What’s happening with Credit Suisse? Inside the Swiss bank’s market tumult – National

Credit Suisse saw its stocks and bonds fall sharply on Monday as markets subjected the bank to intense scrutiny.

The Swiss bank has insisted its capital and liquidity are strong and said it will have more to say about a strategic overhaul when it releases third-quarter results on October 27.

Why is Credit Suisse in the spotlight?

A string of losses, high-profile risk management failures and changes at the top have drawn investor attention to Switzerland’s second largest bank.

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Credit Suisse has had to raise capital, halt share buybacks, cut its dividend and reshape management after losing more than $5 billion to the Archegos collapse in March 2021, when it also suspended client money related to failed financier Greensill had to.

A spy scandal forced then-CEO Tidjane Thiam to resign in 2020, and the Swiss financial regulator said Credit Suisse had misled them about the extent of its surveillance.

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His successor, Thomas Gottstein, stayed until July 2022, when Credit Suisse approached restructuring expert Ulrich Koerner as CEO, launching a second strategic review within a year to focus on its wealth management flagship and roll back investment banking.

Chairman Axel Lehmann took over in January from Antonio Horta-Osorio, who resigned less than nine months after joining for violating quarantine rules during the COVID-19 pandemic.

Horta-Osario’s predecessor, Urs Rohner, admitted when he left last year that this was not the first time the bank had disappointed customers and shareholders.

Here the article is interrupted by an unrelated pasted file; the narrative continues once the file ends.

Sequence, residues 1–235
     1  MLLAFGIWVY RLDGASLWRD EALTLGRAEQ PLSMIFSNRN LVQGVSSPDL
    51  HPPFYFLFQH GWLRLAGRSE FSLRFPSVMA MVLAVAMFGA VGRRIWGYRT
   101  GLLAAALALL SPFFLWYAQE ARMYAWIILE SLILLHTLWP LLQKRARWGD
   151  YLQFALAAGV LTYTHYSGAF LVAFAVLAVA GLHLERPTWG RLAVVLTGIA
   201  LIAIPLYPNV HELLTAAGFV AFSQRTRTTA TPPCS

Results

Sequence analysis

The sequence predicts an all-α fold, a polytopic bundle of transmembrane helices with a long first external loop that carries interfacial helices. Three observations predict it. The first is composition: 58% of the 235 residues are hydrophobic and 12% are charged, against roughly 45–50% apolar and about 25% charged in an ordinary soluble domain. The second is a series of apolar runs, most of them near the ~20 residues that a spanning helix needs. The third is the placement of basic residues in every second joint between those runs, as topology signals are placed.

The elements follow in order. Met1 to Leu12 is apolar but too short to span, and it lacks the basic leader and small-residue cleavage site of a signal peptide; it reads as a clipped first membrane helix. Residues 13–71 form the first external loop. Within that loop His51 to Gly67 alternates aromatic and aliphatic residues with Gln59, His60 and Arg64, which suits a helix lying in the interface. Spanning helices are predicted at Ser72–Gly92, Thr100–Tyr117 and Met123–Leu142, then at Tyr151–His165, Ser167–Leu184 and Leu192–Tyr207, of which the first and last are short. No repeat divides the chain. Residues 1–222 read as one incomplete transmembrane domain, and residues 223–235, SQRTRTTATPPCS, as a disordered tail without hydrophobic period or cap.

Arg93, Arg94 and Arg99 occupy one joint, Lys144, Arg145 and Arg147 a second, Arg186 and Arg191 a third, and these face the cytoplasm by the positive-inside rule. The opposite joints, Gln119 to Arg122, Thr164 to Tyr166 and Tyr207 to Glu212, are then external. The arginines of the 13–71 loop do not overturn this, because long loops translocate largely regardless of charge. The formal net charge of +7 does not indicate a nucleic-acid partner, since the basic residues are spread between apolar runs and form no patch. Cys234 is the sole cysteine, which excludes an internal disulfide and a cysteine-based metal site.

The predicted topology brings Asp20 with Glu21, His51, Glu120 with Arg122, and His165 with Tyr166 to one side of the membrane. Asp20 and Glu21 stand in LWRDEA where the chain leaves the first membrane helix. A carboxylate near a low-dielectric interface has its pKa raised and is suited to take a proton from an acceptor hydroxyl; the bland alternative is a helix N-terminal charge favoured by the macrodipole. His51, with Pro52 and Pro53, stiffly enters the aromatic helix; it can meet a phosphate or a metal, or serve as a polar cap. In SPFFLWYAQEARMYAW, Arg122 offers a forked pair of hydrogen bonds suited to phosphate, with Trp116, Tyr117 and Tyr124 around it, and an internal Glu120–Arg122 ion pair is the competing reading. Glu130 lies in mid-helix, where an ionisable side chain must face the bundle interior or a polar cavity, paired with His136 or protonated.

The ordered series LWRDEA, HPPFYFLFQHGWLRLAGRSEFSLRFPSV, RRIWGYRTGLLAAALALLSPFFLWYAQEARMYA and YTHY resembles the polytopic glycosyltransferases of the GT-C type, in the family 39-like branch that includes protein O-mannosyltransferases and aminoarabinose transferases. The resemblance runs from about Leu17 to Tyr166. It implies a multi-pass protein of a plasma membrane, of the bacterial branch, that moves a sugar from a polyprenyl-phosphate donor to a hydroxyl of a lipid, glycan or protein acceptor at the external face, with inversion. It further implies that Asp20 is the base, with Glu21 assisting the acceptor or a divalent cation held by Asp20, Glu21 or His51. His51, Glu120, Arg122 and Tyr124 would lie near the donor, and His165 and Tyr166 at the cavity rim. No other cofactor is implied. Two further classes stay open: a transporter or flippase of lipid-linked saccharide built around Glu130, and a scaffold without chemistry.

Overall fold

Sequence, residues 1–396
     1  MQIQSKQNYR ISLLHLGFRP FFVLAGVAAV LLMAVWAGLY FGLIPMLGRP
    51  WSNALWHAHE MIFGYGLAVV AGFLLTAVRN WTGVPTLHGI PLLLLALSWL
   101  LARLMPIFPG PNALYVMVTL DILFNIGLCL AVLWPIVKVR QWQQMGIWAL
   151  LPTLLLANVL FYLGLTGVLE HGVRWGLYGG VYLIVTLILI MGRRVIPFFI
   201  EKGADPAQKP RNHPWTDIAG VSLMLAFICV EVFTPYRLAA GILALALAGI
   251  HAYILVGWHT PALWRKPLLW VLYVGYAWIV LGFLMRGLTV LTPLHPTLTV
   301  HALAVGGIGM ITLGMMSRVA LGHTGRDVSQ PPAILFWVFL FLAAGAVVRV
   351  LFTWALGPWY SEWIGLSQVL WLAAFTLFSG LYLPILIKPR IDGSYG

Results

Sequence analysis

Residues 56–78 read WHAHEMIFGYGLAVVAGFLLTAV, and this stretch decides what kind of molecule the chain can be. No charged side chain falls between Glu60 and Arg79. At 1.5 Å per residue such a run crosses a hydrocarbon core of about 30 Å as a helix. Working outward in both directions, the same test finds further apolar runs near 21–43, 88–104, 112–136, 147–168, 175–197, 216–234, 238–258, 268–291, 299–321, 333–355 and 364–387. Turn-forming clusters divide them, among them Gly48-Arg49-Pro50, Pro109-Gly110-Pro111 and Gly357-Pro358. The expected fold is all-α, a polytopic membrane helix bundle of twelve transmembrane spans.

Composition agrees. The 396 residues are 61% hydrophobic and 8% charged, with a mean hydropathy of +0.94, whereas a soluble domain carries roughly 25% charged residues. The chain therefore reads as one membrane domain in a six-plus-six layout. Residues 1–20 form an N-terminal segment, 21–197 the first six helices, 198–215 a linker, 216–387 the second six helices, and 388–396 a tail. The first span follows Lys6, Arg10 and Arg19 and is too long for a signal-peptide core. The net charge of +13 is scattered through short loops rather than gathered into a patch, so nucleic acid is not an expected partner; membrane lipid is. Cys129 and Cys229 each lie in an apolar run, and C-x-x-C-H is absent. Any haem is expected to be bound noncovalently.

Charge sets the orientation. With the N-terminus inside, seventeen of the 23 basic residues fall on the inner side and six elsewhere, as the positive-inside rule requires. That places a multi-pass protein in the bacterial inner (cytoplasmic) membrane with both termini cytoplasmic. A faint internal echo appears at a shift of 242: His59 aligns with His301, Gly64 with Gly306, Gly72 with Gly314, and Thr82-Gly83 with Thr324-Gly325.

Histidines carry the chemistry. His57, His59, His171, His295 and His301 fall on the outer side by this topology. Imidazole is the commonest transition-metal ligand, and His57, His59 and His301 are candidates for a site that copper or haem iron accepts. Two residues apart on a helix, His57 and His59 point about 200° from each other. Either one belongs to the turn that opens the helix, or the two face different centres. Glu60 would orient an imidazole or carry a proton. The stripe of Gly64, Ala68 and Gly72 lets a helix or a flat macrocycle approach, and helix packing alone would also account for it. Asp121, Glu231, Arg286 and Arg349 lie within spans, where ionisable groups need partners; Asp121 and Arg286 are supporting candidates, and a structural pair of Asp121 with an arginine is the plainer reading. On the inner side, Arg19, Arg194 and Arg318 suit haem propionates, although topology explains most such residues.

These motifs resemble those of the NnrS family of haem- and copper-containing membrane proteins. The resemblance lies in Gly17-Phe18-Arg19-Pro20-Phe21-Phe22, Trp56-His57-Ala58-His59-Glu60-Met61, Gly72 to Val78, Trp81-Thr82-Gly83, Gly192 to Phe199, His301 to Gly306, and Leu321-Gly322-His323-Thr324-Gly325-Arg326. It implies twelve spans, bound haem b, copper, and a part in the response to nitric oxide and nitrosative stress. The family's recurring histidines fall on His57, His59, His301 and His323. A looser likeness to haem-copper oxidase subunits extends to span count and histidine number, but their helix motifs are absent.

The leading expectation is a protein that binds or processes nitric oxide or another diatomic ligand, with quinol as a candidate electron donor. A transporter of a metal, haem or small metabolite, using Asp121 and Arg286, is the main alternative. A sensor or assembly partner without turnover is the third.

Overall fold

Credit Suisse’s losses totaled nearly 4 billion Swiss francs ($4 billion) in the last three quarters alone, while its funding costs have skyrocketed amid rating downgrades.

What options does it have?

Credit Suisse has said it wants to strengthen its wealth management business, return its investment bank to a “capital-poor, advice-led” business and review strategic options for its securitized products business.

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Analysts estimate it could face a capital shortfall of around CHF 4 billion to CHF 6 billion, depending on what it does to downsize its investment bank and how much it earns from selling assets to restructure to grow support and to have a safety cushion.

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“Asset sales will help, but CHF 4 billion is likely to come in the form of a highly dilutive capital raise. The good news is that some of this is already embedded in the stock price,” analysts at Keefe, Bruyette & Woods wrote in a note.

A targeted capital increase with a major shareholder could be an option.

As a last resort, Credit Suisse could apply for state aid.

How important is the bank?

Since its foundation in 1856, Credit Suisse has played a central role in the history and development of Switzerland. It was founded by Swiss politician and entrepreneur Alfred Escher to fund the country’s railways and support industrialization.

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Through a series of mergers and acquisitions, it has become the second largest lender in Switzerland and one of the largest banks in Europe.

At the end of 2021, the company had just over 50,000 employees and assets under management of 1.6 trillion Swiss francs (1.62 trillion US dollars).

Credit Suisse has a domestic Swiss bank as well as wealth management, investment banking and asset management.

The Swiss National Bank has classified it as one of Switzerland’s globally systemically important banks, whose failure “would cause significant damage to the Swiss economy and the financial system”.

How did the market react?

Credit Suisse shares are down more than 55 percent this year, while its euro-denominated bonds hit record lows on Monday.

Credit default swaps for Credit Suisse — instruments used to hedge lender liabilities — stood at 250 basis points (bps) on Monday — a sharp rise from the 57 bps earlier in the year.

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